A Hollywood movie is the quintessential form of American cinema: entertainment with a side order of escapism where good triumphs over evil. However, like the country itself, this style of film was forged through various external influences. This season explores some of the European influences which shaped Hollywood, from directors such as F.W. Murnau (Germany) and Michael Curtiz (Hungary) and actresses Marlene Dietrich (Germany) and Greta Garbo (Sweden) who were courted by the American studios because of their success in 1920s Europe, through to those forced into exile to escape the rise of fascism in the 1930s like directors Billy Wilder (Austria) and Fritz Lang (Germany). All made an indelible mark in this most American of popular forms and created some of Hollywood’s most distinctive and enduring films, which reflected a more complex world than the popular myth of Hollywood would have us believe.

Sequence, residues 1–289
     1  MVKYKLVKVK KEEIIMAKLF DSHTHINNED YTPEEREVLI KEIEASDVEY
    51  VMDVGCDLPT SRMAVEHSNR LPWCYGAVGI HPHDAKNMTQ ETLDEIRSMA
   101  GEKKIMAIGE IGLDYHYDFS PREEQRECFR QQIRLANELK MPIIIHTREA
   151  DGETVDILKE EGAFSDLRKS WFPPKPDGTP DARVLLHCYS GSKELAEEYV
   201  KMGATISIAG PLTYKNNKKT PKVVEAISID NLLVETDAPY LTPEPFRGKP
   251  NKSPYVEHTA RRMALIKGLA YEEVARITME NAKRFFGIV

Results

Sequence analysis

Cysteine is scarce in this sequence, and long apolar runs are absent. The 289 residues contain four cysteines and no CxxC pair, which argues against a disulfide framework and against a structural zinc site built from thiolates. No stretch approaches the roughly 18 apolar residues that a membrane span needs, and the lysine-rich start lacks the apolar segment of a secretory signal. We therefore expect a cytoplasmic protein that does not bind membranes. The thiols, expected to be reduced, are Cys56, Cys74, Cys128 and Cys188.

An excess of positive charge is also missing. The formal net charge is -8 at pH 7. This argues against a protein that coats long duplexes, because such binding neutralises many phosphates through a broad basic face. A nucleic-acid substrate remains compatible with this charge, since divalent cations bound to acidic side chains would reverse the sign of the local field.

Season introduction and notes by Mark Cosgrove.
Presented by Watershed Cinema curator, Mark Cosgrove in collaboration with archive activists Invisible Women and Park Circus as part of Cinema Rediscovered on Tour, a Watershed project.
Season passes available: 5 films for €50, full season pass: 8 films for €70. Available at the IFI Box Office or over the phone at 01 679 5744.
Read more from Cinema Rediscovered Founder and Watershed Cinema Curator Mark Cosgrove here.
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The IFI is supported by The Arts Council